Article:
The anti-gay rhetoric coming from the political right continues to grow and it's evident in the way it reflects in the right-wing media.
The leading voice in the right-wing media is Fox News. Over the years, Fox News has found a way to harbor some of the most conservative voices together in one network to promote their agenda. One of the top commentators at Fox is Eric Erickson. In addition to his hosting duties on Fox News, Erickson also owns and operators his own conservative website and blog, Redstate.com. In a recent blog post, Erickson spoke about the alleged bias in the media concerning LGBT rights and same-sex marriage, complaining that there isn't enough anti-gay news media.
"John King and Erin Burnett were chatting as Erin promoted what was coming up on her show. A pastor was losing his church because he supported gay marriage. His congregation had left and there was too little money coming in. "It's a pretty powerful story of conviction and also the bias that is still very prevalent in certain places in this country," Burnett gravely stated. "Bias ... in certain places."
At the top of the seven o'clock hour, Burnett ran a David Mattingly story about Grace Community United Church of Christ in St. Paul, Minnesota. The real story happened seven years earlier. The pastor of the African-American church, way back then, supported gay marriage at the 2005 national meeting of the United Church of Christ over the desires of his congregation. Most of the congregation left his church. The week of June 5, 2012, would be perhaps, in David Mattingly's words, "the last service before the church closes its doors for good. What I saw was a far cry from the days when the seats were full."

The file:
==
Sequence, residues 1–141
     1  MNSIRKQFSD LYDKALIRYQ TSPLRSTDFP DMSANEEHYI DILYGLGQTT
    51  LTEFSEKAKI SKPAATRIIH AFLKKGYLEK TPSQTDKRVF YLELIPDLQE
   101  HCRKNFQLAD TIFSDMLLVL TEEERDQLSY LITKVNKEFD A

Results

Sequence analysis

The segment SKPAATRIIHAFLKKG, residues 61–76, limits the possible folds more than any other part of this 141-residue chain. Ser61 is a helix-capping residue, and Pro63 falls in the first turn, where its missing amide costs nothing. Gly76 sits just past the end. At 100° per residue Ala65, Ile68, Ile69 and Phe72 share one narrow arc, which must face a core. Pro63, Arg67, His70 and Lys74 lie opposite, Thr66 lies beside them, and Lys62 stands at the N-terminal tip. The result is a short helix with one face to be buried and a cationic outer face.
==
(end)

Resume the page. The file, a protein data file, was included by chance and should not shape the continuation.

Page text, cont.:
It is not that Erin Burnett and David Mattingly's report clearly made the pastor who defied his congregation the hero and his congregants who demanded faithful adherence to their scripture the bigots. The media does this all the time. In a nation whose voters routinely tells pollsters they support gay marriage while routinely voting against gay marriage, most of the media is very much in favor of gay marriage. Stories about Christian pastors seem to focus on the bigoted and hateful few contrasted with a few open minded, tolerant Christians whose churches are dwindling as they embrace alternative lifestyles.
But we are a nation where a majority of states, through democratic processes, prohibit gay marriage. And the story was cast not as a preacher disobeying his congregation and dealing with the consequences, but as "bias ... in certain places" causing a church to close down."
A recent poll by USA Today shows that support for same-sex marriage is at an all-time high. The only areas where the majority isn't in favor of legalizing same-sex marriage are among Republicans and seniors 65 and older, which just happens to be the target demographic for Fox News. The news media isn't bias in favor of same-sex marriage, they just happen to reflect the opinions of the majority of the American people, something Eric Erickson and Fox News can't seem to get their hands on.